Average internet speeds are continuing to rise globally but consumers are not always getting what they pay for. United Kingdom's communications regulator Ofcom is seeking to impose stricter policies to guarantee that users are getting the internet service they are being promised.
Ofcom is holding a public commentary period to receive feedback on proposed changes. One of the most important changes that could be implemented should the proposed revisions pass is that ISPs will no longer be allowed to claim reduced network speeds are a result of network congestion. Service providers could be forced to advertise actual network speeds tested under real world load conditions including times of high network traffic.
Additionally, UK customers may have the right to see minimum speed guarantees before signing up with a service provider. Currently, only estimates of minimum speeds are required before a purchase is made and the true minimum only has to be provided after a sale. New provisions would require that minimum download speeds must be provided up front.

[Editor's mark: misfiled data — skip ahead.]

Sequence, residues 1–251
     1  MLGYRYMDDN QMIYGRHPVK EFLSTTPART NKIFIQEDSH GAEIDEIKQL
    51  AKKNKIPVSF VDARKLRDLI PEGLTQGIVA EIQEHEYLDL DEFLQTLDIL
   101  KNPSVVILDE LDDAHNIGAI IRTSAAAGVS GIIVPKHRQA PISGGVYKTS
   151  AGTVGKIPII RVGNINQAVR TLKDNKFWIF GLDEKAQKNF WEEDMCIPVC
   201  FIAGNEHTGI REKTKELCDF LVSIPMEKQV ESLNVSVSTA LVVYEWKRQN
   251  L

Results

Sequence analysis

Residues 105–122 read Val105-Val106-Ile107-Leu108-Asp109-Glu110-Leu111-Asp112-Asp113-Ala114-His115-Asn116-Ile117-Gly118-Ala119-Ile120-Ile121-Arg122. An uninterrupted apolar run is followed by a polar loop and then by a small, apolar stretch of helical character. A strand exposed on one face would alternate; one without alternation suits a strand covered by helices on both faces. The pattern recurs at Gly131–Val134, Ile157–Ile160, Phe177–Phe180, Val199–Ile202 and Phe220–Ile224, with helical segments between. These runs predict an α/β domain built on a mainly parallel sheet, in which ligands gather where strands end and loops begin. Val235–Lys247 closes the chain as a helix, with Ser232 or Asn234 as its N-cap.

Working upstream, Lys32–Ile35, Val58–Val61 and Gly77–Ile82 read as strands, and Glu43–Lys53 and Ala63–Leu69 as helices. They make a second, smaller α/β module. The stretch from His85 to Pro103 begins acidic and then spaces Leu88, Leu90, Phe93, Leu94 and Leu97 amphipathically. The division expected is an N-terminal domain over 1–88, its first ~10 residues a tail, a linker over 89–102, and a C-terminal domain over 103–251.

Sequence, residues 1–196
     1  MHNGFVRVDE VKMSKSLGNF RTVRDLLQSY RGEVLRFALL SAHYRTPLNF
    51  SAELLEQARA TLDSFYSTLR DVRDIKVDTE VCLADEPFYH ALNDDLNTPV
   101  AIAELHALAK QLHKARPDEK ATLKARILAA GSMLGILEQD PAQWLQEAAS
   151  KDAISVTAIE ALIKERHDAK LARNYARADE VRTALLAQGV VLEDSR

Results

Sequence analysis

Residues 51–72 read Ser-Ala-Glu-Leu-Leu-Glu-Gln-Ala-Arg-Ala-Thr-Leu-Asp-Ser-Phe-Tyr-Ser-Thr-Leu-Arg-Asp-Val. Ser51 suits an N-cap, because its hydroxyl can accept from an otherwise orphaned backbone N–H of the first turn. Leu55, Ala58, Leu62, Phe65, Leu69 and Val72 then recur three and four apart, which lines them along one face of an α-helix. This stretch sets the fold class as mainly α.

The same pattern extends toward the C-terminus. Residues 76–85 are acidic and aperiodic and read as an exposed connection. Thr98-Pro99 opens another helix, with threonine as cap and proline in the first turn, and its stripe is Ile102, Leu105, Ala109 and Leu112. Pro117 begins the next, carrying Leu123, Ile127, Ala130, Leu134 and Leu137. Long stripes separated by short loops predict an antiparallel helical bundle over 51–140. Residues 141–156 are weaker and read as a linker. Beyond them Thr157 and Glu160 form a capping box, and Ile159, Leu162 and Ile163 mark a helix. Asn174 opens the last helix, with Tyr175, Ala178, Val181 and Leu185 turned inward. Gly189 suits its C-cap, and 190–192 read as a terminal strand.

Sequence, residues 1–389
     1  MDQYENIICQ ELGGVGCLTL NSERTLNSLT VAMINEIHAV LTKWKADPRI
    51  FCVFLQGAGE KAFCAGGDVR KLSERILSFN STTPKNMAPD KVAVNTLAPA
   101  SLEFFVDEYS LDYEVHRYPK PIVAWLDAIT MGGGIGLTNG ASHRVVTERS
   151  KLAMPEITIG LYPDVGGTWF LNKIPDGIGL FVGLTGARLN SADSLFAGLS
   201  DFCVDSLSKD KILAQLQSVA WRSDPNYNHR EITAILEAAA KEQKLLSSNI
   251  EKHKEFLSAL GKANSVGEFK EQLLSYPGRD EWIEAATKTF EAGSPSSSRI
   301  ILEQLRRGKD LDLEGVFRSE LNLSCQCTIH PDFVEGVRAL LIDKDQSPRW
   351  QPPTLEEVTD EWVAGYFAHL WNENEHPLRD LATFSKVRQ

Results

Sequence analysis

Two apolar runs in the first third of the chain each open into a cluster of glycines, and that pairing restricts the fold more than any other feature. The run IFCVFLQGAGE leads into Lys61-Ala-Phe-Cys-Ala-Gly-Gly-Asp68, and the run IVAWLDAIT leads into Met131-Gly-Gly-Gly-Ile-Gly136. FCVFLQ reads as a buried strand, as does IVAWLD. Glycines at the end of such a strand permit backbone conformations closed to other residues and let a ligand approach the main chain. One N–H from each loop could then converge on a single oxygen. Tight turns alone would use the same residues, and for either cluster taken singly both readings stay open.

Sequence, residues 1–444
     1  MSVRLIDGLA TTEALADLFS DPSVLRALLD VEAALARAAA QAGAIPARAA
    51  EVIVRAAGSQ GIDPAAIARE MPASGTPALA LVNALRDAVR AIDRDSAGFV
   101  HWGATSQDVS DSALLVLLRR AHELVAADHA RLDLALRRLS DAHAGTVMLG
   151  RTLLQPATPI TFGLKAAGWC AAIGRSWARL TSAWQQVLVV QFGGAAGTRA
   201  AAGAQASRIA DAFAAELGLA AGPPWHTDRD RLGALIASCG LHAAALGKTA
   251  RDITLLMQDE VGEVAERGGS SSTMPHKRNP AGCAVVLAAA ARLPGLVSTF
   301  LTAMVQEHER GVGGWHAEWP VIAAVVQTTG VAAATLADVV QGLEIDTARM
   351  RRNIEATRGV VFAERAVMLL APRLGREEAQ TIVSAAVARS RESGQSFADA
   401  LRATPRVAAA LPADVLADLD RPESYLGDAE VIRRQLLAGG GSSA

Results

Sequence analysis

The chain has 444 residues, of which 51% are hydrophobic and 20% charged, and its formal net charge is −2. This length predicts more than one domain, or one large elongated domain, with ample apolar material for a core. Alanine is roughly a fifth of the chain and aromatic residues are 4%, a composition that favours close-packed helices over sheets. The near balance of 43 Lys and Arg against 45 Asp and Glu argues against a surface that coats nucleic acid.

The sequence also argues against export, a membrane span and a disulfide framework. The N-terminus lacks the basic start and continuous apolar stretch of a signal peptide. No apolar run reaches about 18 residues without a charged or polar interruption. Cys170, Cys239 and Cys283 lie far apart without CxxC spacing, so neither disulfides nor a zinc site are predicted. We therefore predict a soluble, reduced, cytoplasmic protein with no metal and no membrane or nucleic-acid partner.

Should an ISP fail to provide its minimum guaranteed speed, the right to exit a contract is being strengthened. Unfortunately, the current guidelines being considered are still not as consumer friendly as they could be. Minimum speeds under new Ofcom rules could be just 50% of the advertised speeds. ISPs could be banned from charging an early termination fee if speeds are not corrected within 30 days of a customer inquiry. A mandatory log of number of network speed complaints may also be used to help monitor compliance of this provision.
As part of the proposed changes, Ofcom will modify existing regulations so that all methods of providing fixed internet service including fiber and cable services are treated equally. Due to the complexity of existing legal code, fiber to the premises, cable, and DSL networks are currently all treated differently under UK law.
Net neutrality remains a relevant concern as we become even more dependent on internet services for both business and personal use. In the interests of consumers, it would be highly beneficial for the new regulations to be passed. Arguably, service providers may claim that the new regulations make it more difficult to operate their businesses due to increased data logging requirements and must meet more compliance requirements to avoid fines and losing customers. Should Ofcom pass these new proposed regulations?